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A hill too steep

865312-915185-thumbnail.jpgEvery Saturday at noon new drivers are trained at Kabuki Kabs. This morning I am cleaning the house, trying to decide whether to show up. As noon approaches I am full of rationalizations: guests are coming; the house is a disaster so I must clean; go next week.

Frankly I'm scared.  I am not going to go, I tell my husband. Not this week.

And then, at 11:50 am my brain commands: GO!

Oh hell. I'll be late again. I arrive at the Kabuki "barn" at 12:10 out of breath. All the other trainees sitting in the office are post pubescent boys - four of them ranging from 17 to 23.

Trainer Jason Koett, 30, hands me a registration form and tells me I am hereby operator number 201. The form asks for my birthdate. For the first time in my life I lie about my age. I cannot put down 1958. It is too old.  Instead I write January 11 1964 - my birthday six years later -- making me a newborn when the Beatles debuted on Ed Sullivan and therefore still technically under-the-wire as a bonafide babyboomer.

We sit around the desk, on chairs, bench and ratty frat-house couch, listening to Jason's spiel on what it takes to be a pedicabber ( enthusiam, energy, thick skin for rejection), how to sell the tours, and how the leasing and shift system works. He takes us through pedicab rules of the road: how and when to U-turn, where we can park our bikes without being ticketed.  He points out "Suicide Corners" on a map of Victoria's Inner Harbour -  a pinch point of busy traffic outside the main tourist information centre that is the most dangerous spot in the city for pedicabbers. "Be especially careful here," he says. "Repeat this commandment: Thou shalt always shoulder check," he stresses.

And then he gives a rather important tip about how to mount the seat of a pedicab: "Don't get on the way you get on your bike.  If you swing your leg backwards, you'll kick your passengers in the head."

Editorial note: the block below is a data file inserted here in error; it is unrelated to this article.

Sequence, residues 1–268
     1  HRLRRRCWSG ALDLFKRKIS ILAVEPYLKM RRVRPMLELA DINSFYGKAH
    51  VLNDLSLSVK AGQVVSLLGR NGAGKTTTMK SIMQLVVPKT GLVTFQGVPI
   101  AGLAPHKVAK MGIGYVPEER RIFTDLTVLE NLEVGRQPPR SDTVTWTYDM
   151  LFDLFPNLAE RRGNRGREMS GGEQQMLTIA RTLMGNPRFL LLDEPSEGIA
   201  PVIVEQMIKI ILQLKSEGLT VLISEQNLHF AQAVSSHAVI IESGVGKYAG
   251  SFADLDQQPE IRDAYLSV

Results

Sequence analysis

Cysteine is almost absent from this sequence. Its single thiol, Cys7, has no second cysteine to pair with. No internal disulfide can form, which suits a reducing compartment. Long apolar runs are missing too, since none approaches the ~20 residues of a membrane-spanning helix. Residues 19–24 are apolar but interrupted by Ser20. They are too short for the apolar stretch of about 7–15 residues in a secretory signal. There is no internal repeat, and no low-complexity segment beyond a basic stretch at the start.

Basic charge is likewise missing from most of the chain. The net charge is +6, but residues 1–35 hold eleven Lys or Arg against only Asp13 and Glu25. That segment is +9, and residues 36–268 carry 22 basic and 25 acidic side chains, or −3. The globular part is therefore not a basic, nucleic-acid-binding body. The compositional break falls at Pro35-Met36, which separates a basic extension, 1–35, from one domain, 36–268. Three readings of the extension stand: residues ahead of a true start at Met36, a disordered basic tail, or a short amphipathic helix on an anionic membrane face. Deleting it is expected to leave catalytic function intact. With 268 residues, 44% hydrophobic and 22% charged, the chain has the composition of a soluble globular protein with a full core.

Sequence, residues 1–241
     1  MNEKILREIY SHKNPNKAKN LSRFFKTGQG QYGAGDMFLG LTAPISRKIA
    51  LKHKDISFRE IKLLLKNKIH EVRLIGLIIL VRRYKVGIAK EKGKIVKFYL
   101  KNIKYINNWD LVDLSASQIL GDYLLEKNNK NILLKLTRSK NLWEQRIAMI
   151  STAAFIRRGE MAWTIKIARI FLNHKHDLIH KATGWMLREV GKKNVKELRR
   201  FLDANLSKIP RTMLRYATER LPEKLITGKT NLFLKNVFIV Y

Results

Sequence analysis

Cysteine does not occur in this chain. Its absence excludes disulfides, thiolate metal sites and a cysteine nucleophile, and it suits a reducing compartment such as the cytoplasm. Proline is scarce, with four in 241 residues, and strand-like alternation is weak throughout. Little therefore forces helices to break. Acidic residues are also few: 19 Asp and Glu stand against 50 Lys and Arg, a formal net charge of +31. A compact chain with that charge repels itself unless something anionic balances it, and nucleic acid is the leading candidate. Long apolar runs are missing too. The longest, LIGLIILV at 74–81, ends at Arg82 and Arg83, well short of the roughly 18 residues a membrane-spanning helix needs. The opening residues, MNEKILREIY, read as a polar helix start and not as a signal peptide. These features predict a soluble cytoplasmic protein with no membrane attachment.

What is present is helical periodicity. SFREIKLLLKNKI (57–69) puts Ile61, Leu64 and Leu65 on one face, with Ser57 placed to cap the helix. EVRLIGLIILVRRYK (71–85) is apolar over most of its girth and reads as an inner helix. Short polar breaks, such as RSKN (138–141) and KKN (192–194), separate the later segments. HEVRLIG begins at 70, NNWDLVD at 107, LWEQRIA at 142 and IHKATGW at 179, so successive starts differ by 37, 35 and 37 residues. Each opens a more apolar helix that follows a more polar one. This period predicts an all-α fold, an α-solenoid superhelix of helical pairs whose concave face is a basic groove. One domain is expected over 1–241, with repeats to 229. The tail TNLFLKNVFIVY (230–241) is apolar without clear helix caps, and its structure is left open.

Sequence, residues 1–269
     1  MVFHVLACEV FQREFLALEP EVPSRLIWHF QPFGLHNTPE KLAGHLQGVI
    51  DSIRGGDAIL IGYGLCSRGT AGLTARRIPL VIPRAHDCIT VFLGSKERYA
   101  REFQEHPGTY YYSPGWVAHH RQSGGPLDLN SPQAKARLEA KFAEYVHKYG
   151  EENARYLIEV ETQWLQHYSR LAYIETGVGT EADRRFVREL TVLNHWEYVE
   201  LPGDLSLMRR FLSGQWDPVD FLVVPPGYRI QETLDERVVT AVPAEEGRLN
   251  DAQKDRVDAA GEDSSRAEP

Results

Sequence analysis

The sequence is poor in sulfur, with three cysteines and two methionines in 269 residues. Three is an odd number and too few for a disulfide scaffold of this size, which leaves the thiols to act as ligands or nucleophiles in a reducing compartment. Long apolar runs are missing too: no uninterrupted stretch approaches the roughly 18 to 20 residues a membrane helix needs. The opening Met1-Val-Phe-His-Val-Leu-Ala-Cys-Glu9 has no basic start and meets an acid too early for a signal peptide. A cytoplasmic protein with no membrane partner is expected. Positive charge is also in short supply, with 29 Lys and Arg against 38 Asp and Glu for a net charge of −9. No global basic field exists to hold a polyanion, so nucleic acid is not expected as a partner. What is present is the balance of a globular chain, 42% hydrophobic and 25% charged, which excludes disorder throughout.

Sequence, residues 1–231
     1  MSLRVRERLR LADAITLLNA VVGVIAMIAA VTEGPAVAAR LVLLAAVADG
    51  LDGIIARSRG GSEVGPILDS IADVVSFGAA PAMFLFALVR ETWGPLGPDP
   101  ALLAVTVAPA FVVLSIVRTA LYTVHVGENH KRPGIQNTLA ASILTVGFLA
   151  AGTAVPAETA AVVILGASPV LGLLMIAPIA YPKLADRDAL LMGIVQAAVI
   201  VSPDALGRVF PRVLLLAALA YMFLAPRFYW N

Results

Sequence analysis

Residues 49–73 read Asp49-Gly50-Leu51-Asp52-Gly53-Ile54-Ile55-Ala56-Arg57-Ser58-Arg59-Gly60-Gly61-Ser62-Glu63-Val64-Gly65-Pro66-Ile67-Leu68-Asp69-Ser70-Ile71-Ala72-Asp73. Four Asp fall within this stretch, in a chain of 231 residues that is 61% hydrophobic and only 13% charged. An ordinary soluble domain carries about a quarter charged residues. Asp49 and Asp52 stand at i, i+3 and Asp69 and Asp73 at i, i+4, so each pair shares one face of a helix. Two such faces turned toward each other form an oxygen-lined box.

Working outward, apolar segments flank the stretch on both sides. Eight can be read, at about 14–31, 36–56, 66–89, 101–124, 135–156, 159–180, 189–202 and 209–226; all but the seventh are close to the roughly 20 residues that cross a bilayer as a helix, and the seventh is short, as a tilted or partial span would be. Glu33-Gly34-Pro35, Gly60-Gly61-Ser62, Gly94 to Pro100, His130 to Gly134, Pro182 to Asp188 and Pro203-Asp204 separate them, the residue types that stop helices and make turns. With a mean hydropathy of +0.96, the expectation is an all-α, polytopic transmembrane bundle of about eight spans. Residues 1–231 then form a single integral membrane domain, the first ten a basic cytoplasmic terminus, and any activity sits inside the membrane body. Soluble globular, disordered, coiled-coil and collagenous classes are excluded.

We go out on the street with the pedicabs. I am teamed with 17-year-old Joseph, a skinny little wraith who must weigh all of 115 lbs. Peddling the cab with Joseph in the back is a breeze. We take turns testing out the five gears, climbing up the slight incline of Herald St. and gliding back down again, getting a feel for flow of the bike and how it handles over bumps and curbs. We do figure eights. It is like a giant, stable tricycle. Wheee!

Then Jason takes us into a parking lot across from the barn with a short steep pitch. One by one we take turns climbing the grade with two passengers. I can do it with Joseph alone, but when Jason - an average-size male of about 5'10" and perhaps 180 lbs - climbs in the back I come to a dead halt. I simply cannot budge the cab up the hill.

"Try again. Get momentum and get into the lightest gear," coaches Jason.

 The pitch is only about six metres long but everytime, halfway up, I grind to a halt. I push and push. But my legs  can't overcome the gravitational pull.  Joseph and I are the only trainees who can't do it.  We can't make the grade.

"You'll get it," says Jason. "There are few hills that steep and you can avoid them. Sign up for a shift anyway."

But I leave feeling sunk. I haven't got the legs for this.

 

Posted on Saturday, June 16, 2007 at 05:07PM by Registered CommenterAnne | CommentsPost a Comment | References4 References

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